Statistical analysis was performed with free R software (version 3.6.1; Bell Laboratories, Auckland, New Zealand). The statistician (L.L) was blinded to the treatment groups. The normality of the data distribution was determined by using the Anderson-Darling (AD) statistic, for which parametric tests were used. To compare crowding resolution (Little's irregularity index) with the different changes between the different times studied, a repeated measurements ANOVA with Bonferroni correction with multiple tests were used. In order to evaluate intergroup differences, the Huynh–Feldt statistic was used because sphericity was not assumed and the epsilon was greater than 0.70. The data analysis between the two groups was performed by an intention to treat (ITT) analysis, since there were missing data due to follow-up losses, an imputation of these data was carried out by means of algorithms based on regression methods. Statistical significance was established at P < 0.05.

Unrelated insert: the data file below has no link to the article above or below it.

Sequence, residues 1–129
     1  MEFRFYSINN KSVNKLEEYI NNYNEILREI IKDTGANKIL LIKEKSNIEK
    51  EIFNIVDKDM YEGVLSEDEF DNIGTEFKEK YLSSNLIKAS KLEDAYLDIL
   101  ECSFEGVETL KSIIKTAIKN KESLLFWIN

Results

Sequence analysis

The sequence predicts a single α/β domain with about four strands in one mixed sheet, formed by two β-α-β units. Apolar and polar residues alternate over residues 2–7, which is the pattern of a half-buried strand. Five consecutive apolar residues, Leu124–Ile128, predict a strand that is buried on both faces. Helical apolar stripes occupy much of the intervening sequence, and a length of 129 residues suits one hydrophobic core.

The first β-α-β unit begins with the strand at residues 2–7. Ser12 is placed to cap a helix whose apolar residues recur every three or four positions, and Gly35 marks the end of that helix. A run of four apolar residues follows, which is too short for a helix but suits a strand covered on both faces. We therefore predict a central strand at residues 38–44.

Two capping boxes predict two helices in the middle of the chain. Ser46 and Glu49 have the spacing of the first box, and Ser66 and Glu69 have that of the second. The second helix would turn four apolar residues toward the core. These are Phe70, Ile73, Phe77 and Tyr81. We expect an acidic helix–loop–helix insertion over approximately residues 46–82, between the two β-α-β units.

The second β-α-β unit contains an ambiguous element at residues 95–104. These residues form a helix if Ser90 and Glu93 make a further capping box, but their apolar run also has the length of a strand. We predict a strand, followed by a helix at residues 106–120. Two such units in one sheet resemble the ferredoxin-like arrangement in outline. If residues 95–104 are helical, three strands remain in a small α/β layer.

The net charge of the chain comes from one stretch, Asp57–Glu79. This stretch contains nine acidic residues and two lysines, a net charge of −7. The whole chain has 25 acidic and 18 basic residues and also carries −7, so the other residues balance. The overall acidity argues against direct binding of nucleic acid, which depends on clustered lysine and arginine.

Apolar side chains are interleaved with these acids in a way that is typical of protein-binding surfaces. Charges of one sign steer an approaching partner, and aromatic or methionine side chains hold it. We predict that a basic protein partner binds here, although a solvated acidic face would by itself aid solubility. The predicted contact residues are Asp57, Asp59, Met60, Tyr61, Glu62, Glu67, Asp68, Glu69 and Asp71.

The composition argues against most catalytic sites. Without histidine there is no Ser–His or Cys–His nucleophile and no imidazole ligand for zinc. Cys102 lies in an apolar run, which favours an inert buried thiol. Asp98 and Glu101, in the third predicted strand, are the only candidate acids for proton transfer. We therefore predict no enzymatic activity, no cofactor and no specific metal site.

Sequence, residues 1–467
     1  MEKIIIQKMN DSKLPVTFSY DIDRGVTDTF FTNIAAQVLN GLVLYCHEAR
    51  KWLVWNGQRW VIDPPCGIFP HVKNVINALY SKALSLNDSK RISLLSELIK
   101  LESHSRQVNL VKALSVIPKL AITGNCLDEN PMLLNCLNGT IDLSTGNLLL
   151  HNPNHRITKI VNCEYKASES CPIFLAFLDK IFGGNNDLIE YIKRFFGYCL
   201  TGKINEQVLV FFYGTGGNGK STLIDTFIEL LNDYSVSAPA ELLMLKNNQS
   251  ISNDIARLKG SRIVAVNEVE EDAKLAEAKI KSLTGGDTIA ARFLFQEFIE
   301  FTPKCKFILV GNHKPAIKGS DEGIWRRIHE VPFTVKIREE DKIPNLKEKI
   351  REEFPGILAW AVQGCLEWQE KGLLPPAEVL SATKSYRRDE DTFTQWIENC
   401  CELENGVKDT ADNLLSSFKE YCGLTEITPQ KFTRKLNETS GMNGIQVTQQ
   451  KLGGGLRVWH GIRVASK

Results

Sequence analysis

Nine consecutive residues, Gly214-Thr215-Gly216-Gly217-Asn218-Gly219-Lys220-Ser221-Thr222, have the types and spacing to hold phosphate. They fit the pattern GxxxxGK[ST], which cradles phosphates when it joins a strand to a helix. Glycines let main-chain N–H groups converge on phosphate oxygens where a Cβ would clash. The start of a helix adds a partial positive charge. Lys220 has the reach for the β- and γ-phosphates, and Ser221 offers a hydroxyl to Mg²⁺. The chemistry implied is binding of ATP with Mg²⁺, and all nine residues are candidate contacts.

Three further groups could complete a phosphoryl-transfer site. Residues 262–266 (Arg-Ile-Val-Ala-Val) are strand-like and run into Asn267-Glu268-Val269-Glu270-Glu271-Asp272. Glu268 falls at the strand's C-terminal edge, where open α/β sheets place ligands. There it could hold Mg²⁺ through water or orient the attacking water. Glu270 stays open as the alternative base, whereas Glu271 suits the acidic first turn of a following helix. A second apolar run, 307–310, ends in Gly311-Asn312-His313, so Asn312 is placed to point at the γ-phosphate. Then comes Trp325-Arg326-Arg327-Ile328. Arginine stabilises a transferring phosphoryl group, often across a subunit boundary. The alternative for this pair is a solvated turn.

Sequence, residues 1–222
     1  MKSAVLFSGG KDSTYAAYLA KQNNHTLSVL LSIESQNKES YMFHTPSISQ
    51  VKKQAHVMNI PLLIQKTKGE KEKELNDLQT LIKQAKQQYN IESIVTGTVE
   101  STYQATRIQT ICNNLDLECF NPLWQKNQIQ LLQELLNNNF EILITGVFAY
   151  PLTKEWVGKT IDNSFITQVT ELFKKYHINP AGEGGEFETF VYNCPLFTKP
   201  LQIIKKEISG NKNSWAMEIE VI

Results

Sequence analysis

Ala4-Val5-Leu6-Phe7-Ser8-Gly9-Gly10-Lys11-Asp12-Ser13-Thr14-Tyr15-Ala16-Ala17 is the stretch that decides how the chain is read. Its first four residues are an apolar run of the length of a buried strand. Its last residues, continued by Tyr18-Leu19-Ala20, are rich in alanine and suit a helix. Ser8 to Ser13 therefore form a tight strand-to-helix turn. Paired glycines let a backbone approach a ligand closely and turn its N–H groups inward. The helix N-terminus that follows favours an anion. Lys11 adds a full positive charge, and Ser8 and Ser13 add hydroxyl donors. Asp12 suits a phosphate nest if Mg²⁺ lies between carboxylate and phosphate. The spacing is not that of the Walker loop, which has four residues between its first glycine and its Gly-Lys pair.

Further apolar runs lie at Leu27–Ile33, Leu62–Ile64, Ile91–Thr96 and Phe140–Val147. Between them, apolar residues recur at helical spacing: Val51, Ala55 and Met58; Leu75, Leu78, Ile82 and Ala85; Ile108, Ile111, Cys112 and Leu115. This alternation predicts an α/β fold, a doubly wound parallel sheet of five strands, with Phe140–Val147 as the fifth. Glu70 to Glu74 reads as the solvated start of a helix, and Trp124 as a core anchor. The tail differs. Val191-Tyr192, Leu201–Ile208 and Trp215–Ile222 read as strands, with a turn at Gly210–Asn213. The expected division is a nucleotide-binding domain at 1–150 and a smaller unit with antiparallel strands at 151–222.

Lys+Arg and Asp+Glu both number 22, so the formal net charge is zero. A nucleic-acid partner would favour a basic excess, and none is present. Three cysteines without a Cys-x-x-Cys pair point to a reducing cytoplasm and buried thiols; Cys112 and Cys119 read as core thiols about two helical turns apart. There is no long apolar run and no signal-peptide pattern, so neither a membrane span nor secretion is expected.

Intra-operator reproducibility of the Little's irregularity index measurements in the dental casts was assessed by performing the measures at 2 weeks interval. Reliability was evaluated with Bland Altman plots, and method error, with the paired t test (systematic error) and the Dahlberg formula (random error).
| Results|| |
The intraoperator reproducibility (Bland Altman plots) indicated a high concordance in the measurement of the irregularity index (–0.54 mm to 0.41 mm). The results of the Dalhberg formula for Little's index showed low random errors (0.48 mm) and there were no systematic errors (P > 0.49).
Participant flow (include flow diagram, early stopping, and time periods)